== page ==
The Hospital CEO Dilemma: Abandon Ship or Change Leadership Style

 Hospital CEOs who adapt their leadership style to reflect the benefits of crowd-sourcing solutions to problems and take a patient-centric approach will be the ones who succeed.

According to the American College of Healthcare Executives, CEO turnover is at an all-time high in hospitals across America, growing to 20 percent in 2013. The reasons are predictable ShirleyEngelmeierconsidering the amount of change underway due to the Patient Protection Affordable Care Act and consolidation within the industry. Although some leadership turnover is imminent in any industry, hospital CEOs who adapt their leadership style to reflect the benefits of crowd-sourcing solutions to problems and take a patient-centric approach will be the ones who succeed.

Most current leadership models are hierarchical and date back to the industrial revolution. They've dominated organizational management for well over 100 years. It's an approach that suggests title is king (or queen) and an iron fist rules. The problem for senior healthcare executives is that this model suggests knowledge is concentrated in the corner office. This is hardly the case in healthcare facilities.  

To be the most effective leader in today's changing healthcare landscape, executives must commit to letting go of top-down tendencies and become inclusive — a leader who seeks and integrates input from all key stakeholders. Inclusive leaders listen and learn from others (employees and patients) and leverage the wider portfolio of insights and input.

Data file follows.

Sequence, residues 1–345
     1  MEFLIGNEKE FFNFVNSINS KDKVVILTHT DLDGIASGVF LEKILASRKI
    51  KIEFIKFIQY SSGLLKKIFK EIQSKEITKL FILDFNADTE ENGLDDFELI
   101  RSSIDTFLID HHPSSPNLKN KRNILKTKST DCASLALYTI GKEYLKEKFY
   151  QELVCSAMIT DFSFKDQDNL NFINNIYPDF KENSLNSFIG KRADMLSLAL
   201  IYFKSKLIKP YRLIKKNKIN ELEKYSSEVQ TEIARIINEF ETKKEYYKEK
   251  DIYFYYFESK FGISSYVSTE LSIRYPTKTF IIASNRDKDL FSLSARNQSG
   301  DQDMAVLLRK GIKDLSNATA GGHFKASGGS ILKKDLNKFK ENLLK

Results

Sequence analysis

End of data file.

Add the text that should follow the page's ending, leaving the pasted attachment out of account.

Becoming an inclusive leader is no easy feat and requires the courage and determination to embrace and practice a new set of skills. The most effective include leaders who:

•    Put their ego in check
•    Are open to a wide range of inputs
•    Are intellectually curious
•    Are transparent, accessible and adaptable
•    Have high emotional intelligence
•    Display humility
•    Are culturally agile
•    Collaborate with their teams
•    Seek out diversity of thought

There couldn't be a more appropriate time to adopt the traits, behaviors and tools of inclusive leadership within healthcare organizations. The new patient-centric care model will require a broader set of eyes, ears and brainpower to solve the increasingly complex care and business challenges that hospital CEOs must master.

Shirley Engelmeier is the Founder and CEO of InclusionINC and author of "Inclusion: The New Competitive Business Advantage" (2012) and "Becoming an Inclusive Leader" (2014). For over two decades, she has advised organizations on creating inclusive, high performance leaders and enterprises. Prior to founding InclusionINC, Ms. Engelmeier held senior management positions at Brown & Williamson and Frito-Lay. She is a pioneer around creating inclusive workplace initiatives that improve business results through higher employee engagement, productivity and innovation.

 

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